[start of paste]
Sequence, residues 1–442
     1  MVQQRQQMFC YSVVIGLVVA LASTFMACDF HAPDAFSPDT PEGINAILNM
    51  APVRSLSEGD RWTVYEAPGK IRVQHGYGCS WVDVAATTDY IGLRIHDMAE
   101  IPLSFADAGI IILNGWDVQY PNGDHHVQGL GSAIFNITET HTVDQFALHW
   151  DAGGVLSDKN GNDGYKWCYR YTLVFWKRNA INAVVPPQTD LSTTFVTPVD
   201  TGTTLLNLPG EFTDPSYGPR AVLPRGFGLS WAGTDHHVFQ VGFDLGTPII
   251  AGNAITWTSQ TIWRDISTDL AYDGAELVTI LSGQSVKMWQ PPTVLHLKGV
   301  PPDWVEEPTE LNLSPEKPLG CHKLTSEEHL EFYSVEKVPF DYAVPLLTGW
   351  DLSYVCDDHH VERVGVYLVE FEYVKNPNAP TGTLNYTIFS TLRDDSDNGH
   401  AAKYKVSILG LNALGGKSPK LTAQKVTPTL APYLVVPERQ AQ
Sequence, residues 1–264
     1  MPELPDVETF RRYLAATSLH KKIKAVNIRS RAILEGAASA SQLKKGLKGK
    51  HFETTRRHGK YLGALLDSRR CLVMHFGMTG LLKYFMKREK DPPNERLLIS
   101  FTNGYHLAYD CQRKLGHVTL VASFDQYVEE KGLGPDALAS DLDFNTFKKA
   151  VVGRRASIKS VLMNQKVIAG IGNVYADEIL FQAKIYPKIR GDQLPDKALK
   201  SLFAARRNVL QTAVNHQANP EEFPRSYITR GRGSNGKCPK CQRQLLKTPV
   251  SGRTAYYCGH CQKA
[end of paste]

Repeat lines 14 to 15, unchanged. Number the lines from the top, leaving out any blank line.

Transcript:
   101  FTNGYHLAYD CQRKLGHVTL VASFDQYVEE KGLGPDALAS DLDFNTFKKA
   151  VVGRRASIKS VLMNQKVIAG IGNVYADEIL FQAKIYPKIR GDQLPDKALK